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In this issue: Biotechnology Journal 1/2009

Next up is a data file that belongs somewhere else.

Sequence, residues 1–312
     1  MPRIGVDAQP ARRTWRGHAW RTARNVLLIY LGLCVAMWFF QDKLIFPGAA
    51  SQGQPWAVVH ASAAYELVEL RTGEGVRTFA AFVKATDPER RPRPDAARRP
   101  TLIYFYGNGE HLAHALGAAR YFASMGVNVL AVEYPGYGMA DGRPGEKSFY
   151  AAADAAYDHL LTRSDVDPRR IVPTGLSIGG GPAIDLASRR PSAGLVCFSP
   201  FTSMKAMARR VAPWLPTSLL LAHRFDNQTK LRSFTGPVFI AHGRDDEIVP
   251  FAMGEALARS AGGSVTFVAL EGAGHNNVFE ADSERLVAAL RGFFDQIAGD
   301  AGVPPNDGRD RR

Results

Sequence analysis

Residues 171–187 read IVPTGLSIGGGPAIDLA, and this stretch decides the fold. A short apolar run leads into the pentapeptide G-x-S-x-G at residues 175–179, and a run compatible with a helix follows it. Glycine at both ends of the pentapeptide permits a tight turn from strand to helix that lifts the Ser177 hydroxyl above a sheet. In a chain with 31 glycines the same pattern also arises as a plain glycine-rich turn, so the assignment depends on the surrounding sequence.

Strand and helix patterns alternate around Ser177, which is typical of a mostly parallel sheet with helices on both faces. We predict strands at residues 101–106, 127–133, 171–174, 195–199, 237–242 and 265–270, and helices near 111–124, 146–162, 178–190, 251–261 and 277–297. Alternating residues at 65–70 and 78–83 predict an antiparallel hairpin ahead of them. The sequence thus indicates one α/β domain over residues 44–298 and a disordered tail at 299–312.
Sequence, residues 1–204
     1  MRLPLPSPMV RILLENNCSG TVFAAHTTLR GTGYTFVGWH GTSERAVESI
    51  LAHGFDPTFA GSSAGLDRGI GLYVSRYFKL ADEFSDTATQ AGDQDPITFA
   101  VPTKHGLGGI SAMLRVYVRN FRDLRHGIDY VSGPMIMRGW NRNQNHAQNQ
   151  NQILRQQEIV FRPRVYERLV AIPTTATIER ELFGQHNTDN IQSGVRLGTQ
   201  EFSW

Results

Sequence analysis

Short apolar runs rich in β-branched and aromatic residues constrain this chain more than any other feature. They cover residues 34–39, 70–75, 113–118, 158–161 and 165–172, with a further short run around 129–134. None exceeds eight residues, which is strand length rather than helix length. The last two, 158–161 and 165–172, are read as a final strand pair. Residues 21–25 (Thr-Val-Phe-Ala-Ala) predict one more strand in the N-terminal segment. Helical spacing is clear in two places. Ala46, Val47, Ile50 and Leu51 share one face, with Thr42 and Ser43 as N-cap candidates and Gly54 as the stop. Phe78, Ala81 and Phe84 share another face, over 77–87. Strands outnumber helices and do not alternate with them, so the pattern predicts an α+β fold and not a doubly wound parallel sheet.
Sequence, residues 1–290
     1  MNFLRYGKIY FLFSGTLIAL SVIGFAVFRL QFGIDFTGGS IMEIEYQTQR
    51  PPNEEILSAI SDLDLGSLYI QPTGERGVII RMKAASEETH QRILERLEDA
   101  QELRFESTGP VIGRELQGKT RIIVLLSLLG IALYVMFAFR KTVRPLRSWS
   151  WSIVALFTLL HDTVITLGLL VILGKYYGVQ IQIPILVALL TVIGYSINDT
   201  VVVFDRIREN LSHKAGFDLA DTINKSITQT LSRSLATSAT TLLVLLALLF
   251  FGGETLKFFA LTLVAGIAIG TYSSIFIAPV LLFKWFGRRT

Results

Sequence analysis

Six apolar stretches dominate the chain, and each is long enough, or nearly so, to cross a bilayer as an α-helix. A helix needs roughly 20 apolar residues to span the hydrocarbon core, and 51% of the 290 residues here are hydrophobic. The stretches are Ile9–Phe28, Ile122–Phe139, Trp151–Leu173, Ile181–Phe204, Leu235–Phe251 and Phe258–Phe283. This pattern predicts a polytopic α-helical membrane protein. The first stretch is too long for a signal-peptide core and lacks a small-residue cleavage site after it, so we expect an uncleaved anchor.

In this issue: Biotechnology Journal 1/2009 High-throughput protein production Tegel et al., Biotechnol. J. 2009, 4, 51–57 Rapidly growing research in proteomics increases the need to produce recombinant proteins in a high-throughput fashion. Researchers from Stockholm (Sweden) participate in an antibody-based proteomics project to study protein expression and localization in human tissue and have optimized current protocols for recombinant protein production. The new procedure successfully reduces the number of handling steps and uses an automated protein purification system, both of which facilitate the handling of nearly 300 different proteins per week to optimize recombinant protein production. The procedure also allows to produce 600 recombinant proteins per month for antibody production. Furthermore, this protocol increases the efficiency of protein expression in E.coli cultures by 25% .............. 51 http://dx.doi.org/10.1002/biot.200800183 © Photodisc Fully in vitro antibody screening Moutel et al., Biotechnol. Journal 2009 , 4, 38–43 The phage display technique offers a rapid, inexpensive and animal-free option to meet the increasing demand for antibodies in research and therapy, particularly in cancer therapy. However, a major obstacle for high throughput phage display is the production and purification of antigens as this is time consuming and needs to be adjusted for each antibody target. Researchers from the Institut Curie in Paris (France) present a new antibody selection approach by which antigens are produced through in vitro translation and can be used directly, without the need for purification. Using this new method, the authors successfully generate antibodies directed against GFP and the mammalian protein tsg101. Thus, this method is a promising tool to boost the antibody selection process in high-throughput phage display ............................... 38 http://dx.doi.org/10.1002/biot.200800246 Biocatalyst performance van den Wittenboer et al., Biotechnology Journal 2009, 4, 44–50 The scope of technical biocatalysis is markedly extended by biphasic reaction media. But how can the various factors influencing catalyst performance be identified to ensure a successful implementation of catalytic processes? Lasse Greiner and coworkers from Aachen (Germany) propose a reactor setup by which biocatalyzed reactions in biphasic systems with distinct phases can be comprehensively characterized and optimized. The authors use small volumes which increase reproducibility and decrease the use of solvent and catalyst. Also, a constant interfacial area and independently stirred phases keep superimposing effects at bay. The authors successfully apply their design to the enantioselective reduction of ketones by bacterial alcohol dehydrogenases, suggesting that the new reactor design can enhance industrial enzyme production by increased enzyme productivity and stability...................................................................................................................... 44 http://dx.doi.org/10.1002/biot.200800271 © 2009 Wiley-VCH Verlag GmbH & Co. KGaA, Weinheim http://www.deepdyve.com/assets/images/DeepDyve-Logo-lg.png Biotechnology Journal Wiley

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